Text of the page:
Alone In The Dark (2005)

Rating: **
Release Date: 1/28/05
Director: Uwe Boll
Cast: Christian Slater, Tara Reid, Stephen Dorff, Francoise Yip Fong Wah

Why do they keep letting Uwe Boll make bad video game movies? Or perhaps more importantly, why do I continue to watch them? Edward Carnby (Christian Slater) is a paranormal investigator, searching for relics belonging to the ancient Abkani tribe. Legend has it that the Abkani were a highly advanced civilization that was wiped out by the forces of darkness - the same forces that a secret government agency called 713 have been researching for the last twenty years. Seeking to bring darkness into the world of light, the slightly mad Dr. Hudgens opens the gate between light and dark, bringing about the annihilation of Man.

After seeing Uwe Boll's atrocious "House Of The Dead" (2003), I had no expections for this film at all. That said, with such a low bar already set, I actually found the laughable proceedings marginally entertaining. Christian Slater gives a convincing performance as Carnby, and is the only actor in the film who has a sense of "being there." Tara Reid is hopelessly miscast as Carnby's anthropologist girlfriend, but at least she's easy on the eyes. She's definitely no worse than seeing Denise Richards as a nuclear physicist in "The World Is Not Enough" (1999). And truth be told, the only reason I wanted to see the film was to see Ms. Reid with a gun, which she carries around all too briefly. At one point, she's armed with only a flashlight while Carnby has two guns. Wouldn't a nice boyfriend give her one of those guns to defend herself? (of course, why she was dragged along into a combat situation in the first place needs to be questioned...) Stephen Dorff is ridiculous as the cocky head of Agency 713, and once again the wonderful Francoise Yip is relegated to a thankless cameo. Is she ever going to get a substantial part that allows her to show off her talents? Production wise, the film clings to every B-movie convention in the book, as if it were trying to be bad on purpose. The dialog is painfully embarrassing, the continuity is laughably bad, the lapses of logic and reason are hilarious, and the whole thing makes very little sense. Knowing this, the film also features the obligatory three minute opening monologue to try and explain what's going on, since the audience is surely too stupid to figure it out for themselves. And of course there's the adsurdly pointless love scene, accompanied by rib-tickling porno jazz. Thankfully, Boll keeps it short and keeps everyone's clothes on, but it's anyone's guess why the scene is even there in the first place. While the action scenes are weak and suffer from poor editing, the visual effects are actually competent and effective for the most part. The soundtrack also does a good job of setting the tone of the film, and features some nice heavy metal offerings. All in all, as a horror film "Alone In The Dark" is no worse than any of the current direct-to-video crap that's available. How it fares as a video game adaptation, however, is another matter.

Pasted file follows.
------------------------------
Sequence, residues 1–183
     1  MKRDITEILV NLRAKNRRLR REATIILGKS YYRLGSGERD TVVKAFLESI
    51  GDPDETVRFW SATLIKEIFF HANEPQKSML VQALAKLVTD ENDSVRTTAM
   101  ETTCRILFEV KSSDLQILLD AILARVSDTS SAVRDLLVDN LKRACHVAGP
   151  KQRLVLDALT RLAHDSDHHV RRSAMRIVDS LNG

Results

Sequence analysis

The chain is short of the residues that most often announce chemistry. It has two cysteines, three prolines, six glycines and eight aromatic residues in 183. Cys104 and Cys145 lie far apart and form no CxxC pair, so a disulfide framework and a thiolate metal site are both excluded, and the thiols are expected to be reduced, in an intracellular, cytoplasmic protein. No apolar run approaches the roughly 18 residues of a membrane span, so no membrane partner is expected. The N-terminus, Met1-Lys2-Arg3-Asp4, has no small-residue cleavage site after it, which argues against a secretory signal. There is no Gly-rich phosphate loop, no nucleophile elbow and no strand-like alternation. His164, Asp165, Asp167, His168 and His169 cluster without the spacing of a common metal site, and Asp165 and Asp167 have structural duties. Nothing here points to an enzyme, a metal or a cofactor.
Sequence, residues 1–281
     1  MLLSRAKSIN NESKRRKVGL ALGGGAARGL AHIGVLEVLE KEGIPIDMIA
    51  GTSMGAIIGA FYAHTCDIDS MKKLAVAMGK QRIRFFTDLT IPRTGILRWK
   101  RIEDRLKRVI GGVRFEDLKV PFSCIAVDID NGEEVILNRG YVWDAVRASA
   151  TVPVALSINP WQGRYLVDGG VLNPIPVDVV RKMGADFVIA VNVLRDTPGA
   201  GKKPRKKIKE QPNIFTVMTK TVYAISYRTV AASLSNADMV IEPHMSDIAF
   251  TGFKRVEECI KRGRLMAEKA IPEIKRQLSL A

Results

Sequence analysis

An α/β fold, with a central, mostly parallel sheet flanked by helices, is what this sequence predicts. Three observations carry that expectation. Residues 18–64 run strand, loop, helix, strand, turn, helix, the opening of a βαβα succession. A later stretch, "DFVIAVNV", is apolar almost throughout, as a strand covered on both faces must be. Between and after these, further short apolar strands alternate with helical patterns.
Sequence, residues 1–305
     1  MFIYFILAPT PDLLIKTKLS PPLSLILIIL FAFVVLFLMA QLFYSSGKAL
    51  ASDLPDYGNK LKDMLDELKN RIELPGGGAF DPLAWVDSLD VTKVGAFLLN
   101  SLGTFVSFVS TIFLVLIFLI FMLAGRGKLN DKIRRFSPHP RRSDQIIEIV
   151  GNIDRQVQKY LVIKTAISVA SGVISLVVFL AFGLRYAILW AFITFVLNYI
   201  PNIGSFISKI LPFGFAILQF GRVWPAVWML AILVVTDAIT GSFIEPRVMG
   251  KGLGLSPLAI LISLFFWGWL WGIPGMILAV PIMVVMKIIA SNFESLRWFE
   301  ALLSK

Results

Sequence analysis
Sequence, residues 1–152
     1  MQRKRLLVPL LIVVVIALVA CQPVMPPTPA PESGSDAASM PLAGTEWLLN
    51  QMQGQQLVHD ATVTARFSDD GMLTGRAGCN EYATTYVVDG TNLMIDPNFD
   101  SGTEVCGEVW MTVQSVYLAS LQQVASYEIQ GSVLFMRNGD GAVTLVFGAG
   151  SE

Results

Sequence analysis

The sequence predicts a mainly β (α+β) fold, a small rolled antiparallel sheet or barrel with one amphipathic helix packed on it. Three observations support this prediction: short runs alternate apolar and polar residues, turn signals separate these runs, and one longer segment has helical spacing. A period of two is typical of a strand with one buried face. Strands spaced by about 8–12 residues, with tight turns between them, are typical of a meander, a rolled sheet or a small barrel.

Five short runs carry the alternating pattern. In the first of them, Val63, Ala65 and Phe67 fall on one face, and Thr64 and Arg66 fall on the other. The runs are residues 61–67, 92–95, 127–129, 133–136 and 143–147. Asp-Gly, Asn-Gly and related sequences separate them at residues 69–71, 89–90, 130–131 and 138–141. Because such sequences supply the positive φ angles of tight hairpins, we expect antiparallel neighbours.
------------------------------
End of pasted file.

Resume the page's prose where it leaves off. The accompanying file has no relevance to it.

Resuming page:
While Capcom's "Resident Evil" series defined the survival horror genre, Atari's "Alone In The Dark" is generally credited with inventing it. Having not played more than five minutes of the game, I can't comment on how good of an adaptation it is. However, I strongly suspect that the only thing the movie has in common with the game is the name of the main character (which is more than can be said about "House Of The Dead"). Which brings me to this: Why are video game adaptations always SO bad? It seems like they should be a cinch, as everything is already laid out for you. The story, characters, dialog, action, art direction, and overall tone are already well defined. The only thing that would be easier to adapt are comic books, which are already in storyboard form. And yet we inexplicably see those go horribly wrong all the time as well. Are screenwriters completely clueless, or do they just have no respect for the source material as well as the target audience? Or is it just a shrewd and dishonest marketing ploy, akin to putting a picture of a girl with a gun on a movie poster when there are no girls with guns in the film (a ploy I have fallen victim to more times than I can count). And Uwe Boll has secured even MORE video game licenses, including "BloodRayne," "Hunter: The Reckoning," and "Dungeon Siege." So far, it looks like "BloodRayne" has gotten the same disrespect as his other films, as it's actually a period piece! "Let's see, here we have a game about vampire assassins and Nazis, so let's turn it into a medieval costume drama instead!" It's madness I tell you! What horrors await for the "Dead Or Alive" movie? I can envision it becoming a police cadet training film punctuated by wacky hijinks and pillow fights. Oh, the horror, the horror... Then there's the "Doom" movie, which reportedly has nothing to do with Mars or demonic hellspawn. Huh?!? And god only knows what John Woo has in store for Samus Aran in "Metroid." A musical, perhaps? Dreamworks' "Fatal Frame" could have potential, but I fear that the rich Japanese flavor will be completely washed out of it. The only hope that I have for the entire video game genre is Christophe Gans' adaptation of "Silent Hill." I sincerely believe that he can pull it off, unless of course, he gets stuck with a terrible script. Let's all hope that he doesn't.